Session: 504. Hematopoiesis - Cytokines, Signal Transduction, Apoptosis and Cell Cycle Regulation: Poster III
ELANE mutations causing cyclic neutropenia cluster at the junction of exons 4 and 5 and include mutations in intron 4 (83/91). In a majority of the patients (64/91), the mutations are predicated to alter the binding pocket for the enzyme with its substrates based on application of the tertiary structure of neutrophil elastase using ICM-Browser-Pro software (Molsoft, San Diego, CA). However, the proportion of specific mutations affecting the binding pocket was similar for cyclic neutropenia 6/13 versus congenital neutropenia 29/61 (P=1, Fisher exact test). For the unique mutations associated with cyclic neutropenia, 2/4 mutations were predicted to affect the binding pocket.
ELANE mutations causing autosomal dominant severe congenital neutropenia have been detected in exons 1, 2,3,4,5, and introns 3 and 4, with a wide diversity of predicted effects on the structure of mutant neutrophil elastase. An equivalent proportion of cyclic and congenital neutropenia patients affect the two glycosylation sites (congenital 55/121 versus cyclic 49/91, p=0.26, Fisher exact test). There was also an equivalent proportion of specific mutations in the two groups (cyclic 7/13, congenital 29/61, p=0.77, Fisher exact test).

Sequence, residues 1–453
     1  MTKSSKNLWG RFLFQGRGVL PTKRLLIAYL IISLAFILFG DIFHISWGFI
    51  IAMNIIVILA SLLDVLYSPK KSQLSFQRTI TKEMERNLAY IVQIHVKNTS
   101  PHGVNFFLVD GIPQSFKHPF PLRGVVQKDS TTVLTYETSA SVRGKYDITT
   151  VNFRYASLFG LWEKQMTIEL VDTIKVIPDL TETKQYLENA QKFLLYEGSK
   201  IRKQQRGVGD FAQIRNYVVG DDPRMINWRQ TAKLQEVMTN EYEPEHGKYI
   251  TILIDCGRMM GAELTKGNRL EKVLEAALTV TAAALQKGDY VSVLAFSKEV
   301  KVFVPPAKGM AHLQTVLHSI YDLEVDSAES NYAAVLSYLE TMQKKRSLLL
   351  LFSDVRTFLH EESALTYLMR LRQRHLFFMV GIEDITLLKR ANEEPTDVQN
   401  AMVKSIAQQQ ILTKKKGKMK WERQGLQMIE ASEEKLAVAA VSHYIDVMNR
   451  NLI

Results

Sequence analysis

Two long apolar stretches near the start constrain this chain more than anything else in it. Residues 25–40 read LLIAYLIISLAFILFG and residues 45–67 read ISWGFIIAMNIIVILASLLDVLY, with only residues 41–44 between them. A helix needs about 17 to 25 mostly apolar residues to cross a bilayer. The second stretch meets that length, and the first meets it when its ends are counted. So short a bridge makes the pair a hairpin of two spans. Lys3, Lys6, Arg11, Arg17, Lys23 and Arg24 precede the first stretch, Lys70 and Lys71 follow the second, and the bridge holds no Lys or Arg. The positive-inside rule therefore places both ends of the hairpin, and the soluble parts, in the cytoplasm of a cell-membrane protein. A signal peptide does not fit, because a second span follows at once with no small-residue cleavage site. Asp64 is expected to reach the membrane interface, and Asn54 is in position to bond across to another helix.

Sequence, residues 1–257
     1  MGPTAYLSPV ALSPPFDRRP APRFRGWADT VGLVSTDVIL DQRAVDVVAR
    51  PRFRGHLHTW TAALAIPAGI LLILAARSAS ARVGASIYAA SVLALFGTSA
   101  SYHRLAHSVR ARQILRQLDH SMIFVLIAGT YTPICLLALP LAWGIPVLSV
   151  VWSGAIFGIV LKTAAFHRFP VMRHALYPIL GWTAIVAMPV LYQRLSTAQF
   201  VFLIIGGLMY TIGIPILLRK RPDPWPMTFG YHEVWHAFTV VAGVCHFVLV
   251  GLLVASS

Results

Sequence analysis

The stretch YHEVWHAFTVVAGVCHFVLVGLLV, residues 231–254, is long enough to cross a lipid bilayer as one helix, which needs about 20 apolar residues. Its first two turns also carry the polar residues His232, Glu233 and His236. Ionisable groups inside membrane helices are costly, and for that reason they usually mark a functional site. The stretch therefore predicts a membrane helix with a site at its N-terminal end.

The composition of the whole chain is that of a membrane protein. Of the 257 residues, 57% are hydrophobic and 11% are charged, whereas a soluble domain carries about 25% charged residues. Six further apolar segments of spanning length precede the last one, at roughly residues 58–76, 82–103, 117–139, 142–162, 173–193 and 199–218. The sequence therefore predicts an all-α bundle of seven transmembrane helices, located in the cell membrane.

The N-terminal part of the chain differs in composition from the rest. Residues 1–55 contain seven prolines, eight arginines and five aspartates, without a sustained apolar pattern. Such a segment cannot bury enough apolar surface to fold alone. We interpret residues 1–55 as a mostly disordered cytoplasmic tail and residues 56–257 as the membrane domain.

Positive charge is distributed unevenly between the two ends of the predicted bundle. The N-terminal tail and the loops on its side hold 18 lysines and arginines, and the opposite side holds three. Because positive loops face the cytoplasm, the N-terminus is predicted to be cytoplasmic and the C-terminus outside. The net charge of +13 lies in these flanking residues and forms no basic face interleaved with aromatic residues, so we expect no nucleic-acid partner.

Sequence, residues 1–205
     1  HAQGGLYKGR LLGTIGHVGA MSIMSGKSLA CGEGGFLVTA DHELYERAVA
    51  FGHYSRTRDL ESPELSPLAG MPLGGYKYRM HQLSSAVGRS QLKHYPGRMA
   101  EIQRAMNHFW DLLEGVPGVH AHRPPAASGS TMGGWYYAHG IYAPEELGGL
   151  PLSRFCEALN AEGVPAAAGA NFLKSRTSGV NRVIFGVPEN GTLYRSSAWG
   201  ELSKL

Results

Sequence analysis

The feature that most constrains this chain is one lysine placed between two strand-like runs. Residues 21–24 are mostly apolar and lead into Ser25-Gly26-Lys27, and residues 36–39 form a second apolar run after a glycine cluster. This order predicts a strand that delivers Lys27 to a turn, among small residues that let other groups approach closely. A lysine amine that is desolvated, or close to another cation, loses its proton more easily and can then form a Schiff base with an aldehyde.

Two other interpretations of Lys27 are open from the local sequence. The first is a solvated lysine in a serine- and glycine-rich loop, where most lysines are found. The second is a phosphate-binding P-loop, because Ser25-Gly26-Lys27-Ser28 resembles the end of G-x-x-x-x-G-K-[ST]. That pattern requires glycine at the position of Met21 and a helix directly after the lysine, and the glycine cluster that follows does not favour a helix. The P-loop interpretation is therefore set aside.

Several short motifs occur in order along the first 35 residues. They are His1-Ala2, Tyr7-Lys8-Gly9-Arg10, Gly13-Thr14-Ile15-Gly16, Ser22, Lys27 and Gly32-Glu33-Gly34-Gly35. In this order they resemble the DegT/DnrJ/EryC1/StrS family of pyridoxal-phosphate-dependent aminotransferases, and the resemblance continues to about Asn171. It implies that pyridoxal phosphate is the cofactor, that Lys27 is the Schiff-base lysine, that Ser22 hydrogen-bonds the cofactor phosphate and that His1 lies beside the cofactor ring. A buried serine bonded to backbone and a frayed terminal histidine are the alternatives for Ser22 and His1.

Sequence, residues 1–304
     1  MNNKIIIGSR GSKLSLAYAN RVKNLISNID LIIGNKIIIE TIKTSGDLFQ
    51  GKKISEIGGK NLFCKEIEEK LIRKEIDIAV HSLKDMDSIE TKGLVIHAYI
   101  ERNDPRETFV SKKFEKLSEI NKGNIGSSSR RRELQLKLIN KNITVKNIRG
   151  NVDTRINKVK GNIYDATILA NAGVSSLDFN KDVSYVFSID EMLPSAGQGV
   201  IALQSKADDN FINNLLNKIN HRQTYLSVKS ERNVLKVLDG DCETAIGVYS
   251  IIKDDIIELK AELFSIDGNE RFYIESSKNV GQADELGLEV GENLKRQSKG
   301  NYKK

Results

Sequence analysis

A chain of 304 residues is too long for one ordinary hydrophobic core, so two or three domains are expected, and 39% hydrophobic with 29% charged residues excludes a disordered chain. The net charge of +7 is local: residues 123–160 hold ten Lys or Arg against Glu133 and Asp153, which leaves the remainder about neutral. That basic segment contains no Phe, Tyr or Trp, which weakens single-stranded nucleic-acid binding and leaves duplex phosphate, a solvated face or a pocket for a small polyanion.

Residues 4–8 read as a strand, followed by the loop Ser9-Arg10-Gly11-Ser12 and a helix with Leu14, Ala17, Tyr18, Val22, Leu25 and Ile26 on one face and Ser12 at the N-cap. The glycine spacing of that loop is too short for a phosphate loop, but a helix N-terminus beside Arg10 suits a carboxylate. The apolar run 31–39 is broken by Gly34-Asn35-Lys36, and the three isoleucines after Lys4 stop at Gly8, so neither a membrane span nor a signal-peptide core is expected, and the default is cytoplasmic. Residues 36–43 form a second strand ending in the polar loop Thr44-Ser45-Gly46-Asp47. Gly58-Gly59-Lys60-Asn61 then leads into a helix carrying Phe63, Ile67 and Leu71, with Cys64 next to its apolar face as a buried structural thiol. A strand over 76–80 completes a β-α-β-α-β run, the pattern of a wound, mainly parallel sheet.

Seven of 7 mutations predicted to affect the structure of the active site of the enzyme caused congenital neutropenia in 10 patients (mutations exon 2: C26S, C42F, C42S; exon 4: Del 145-152, Del 161-170 2fs; exon 5: Del G172 fs182ter, C194ter). A significantly higher proportion of patients with active site mutations evolved to develop leukemia or myelodysplasia (AML/MDS) (4/10 active site mutations vs. other ELANE mutations 16/111, p<0.05, Fisher exact test), There was no difference in the age, age at the initiation of G-CSF therapy or the daily G-CSF dose for this cluster of 10 patients.
As previously reported (Rosenberg et al Br J Haematol. 2008; 140: 210 and 2010; 150: 196) patients with congenital neutropenia who require higher doses of G-CSF are at greater risk of AML/MDS, whether or not they have ELANE mutations. We have not identified specific mutations associated with a higher risk of leukemia. There were no cases of AML/MDS in the 91 patients with cyclic neutropenia, but there were 20 cases of AML/MDS in the population of 121 congenital neutropenia patients. Two congenital patients with G185R mutations evolved to develop AML/MDS; 5 others with this same mutation have not shown signs of evolution. There are 18 different mutations in the other 18 patients. In the congenital neutropenia patients, we have found no apparent difference in the risk of AML/MDS for mutations affecting the binding pocket or glycosylation sites of the enzyme. In this group, we also cannot associate a requirement for higher G-CSF doses or failure to respond with specific mutations or categories of mutations. The distinctive features of ELANE mutations causing cyclic neutropenia, refractoriness to G-CSF and the risk of leukemia are still unknown.
Disclosures: Dale: Amgen: Consultancy, Honoraria, Membership on an entity’s Board of Directors or advisory committees, Research Funding. Boxer: Amgen: Equity Ownership.
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